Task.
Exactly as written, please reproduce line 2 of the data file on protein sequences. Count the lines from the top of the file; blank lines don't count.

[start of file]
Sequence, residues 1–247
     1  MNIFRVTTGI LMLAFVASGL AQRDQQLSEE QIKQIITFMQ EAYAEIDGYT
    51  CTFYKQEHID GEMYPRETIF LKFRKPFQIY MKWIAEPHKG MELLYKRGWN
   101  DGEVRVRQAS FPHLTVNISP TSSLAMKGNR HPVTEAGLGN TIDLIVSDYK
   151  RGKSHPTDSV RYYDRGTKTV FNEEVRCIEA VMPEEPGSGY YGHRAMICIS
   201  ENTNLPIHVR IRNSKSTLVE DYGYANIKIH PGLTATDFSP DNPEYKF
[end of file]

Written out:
     1  MNIFRVTTGI LMLAFVASGL AQRDQQLSEE QIKQIITFMQ EAYAEIDGYT